Effect of feeding time on the proportion of sows farrowing during work hours

It is sometimes necessary to provide assistance to sows and piglets during farrowing in order to improve piglet survival, resulting in increased labour costs. There is evidence in cattle and ewes that feeding at night results in an increase in the incidence of calvings during the day. In commercial farms, sows are typically fed during daytime hours, with a high percentage of farrowing events occurring unassisted overnight.

The objective of this study was to determine the effect of feeding time (morning vs evening) on farrowing time in sows. A total of 278 sows were used in groups of 12 sows/block and 11 blocks/treatment. Sows were assigned to either morning (0700 h) or evening (1900 h) initiation of feeding upon entry to farrowing room (~d110 of gestation). All sows were placed on a common lactation diet and fed according to established sow feeding curves with feed intake controlled and monitored automatically (Gestal Solo, Jyga Technologies). All sows were switched to a 0700 h feeding time post-farrow. Cameras were placed in each crate to allow for recording of all farrowing events.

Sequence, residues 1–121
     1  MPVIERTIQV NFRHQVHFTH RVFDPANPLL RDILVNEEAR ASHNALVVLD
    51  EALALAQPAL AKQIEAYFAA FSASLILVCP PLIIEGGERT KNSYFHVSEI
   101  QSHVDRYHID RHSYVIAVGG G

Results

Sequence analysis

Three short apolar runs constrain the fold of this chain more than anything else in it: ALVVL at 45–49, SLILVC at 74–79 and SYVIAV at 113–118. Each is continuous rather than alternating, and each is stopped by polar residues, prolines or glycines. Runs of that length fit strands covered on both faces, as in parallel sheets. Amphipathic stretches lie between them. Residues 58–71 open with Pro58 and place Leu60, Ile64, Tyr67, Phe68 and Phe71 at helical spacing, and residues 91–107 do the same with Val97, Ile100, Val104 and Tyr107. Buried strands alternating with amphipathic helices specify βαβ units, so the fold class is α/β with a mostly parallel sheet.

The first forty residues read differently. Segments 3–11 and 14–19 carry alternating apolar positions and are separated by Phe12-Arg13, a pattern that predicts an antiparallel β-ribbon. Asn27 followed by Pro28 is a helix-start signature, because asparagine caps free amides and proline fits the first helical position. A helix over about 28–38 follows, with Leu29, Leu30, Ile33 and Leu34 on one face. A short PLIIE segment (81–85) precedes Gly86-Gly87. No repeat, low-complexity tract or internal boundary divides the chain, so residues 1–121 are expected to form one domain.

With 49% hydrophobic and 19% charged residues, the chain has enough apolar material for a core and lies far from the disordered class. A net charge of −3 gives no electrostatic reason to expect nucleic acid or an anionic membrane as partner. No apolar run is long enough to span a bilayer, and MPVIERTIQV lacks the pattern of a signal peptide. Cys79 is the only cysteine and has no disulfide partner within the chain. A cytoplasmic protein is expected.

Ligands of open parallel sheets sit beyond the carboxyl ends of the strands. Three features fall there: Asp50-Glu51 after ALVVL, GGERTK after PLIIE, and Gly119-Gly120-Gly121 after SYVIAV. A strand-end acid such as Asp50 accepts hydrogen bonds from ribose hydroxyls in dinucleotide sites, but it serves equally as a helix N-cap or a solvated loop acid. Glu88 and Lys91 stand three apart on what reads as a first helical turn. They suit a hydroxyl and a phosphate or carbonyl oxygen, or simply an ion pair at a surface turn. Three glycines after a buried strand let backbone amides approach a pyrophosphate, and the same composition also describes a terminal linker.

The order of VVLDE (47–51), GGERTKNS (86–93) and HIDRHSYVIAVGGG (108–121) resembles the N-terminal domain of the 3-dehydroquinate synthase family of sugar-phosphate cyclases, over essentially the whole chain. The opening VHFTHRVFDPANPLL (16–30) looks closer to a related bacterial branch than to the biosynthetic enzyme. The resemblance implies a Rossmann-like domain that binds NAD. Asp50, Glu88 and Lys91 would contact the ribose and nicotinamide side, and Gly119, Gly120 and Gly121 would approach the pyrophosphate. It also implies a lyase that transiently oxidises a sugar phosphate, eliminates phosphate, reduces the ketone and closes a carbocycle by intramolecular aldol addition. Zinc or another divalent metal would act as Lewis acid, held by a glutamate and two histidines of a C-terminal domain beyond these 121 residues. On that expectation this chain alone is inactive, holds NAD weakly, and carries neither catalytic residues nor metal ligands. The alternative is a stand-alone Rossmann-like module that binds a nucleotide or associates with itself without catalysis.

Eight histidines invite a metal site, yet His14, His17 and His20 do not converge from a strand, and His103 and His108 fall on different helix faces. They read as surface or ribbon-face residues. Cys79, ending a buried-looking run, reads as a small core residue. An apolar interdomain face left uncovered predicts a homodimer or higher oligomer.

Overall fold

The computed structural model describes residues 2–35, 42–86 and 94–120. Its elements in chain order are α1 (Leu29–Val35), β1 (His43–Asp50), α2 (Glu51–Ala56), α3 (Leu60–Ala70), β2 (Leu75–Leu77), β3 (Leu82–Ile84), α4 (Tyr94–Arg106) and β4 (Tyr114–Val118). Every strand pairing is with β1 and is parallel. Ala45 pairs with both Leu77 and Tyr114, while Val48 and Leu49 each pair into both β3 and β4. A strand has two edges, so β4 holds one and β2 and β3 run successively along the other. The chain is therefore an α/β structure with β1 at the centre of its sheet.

There was no difference in born alive, stillborn and mummies (P > 0.10). There was an increase for total number of piglets weaned and a decrease in pre-weaning mortality in sows that received PM feeding. Initiating sow feeding in the morning increased the frequency of farrowing during the day (7:00 am to 3:00 pm) compared to evening fed sows (P < 0.001; 51.43% vs 21.95%, respectively). There was no difference in farrowing duration between treatments (P > 0.10). These results suggest that feeding in the morning may be beneficial for maximizing the number of farrowing events that occur and are completed when workers are present.

Effect of feeding time on the proportion of sows farrowing during work hours (full article)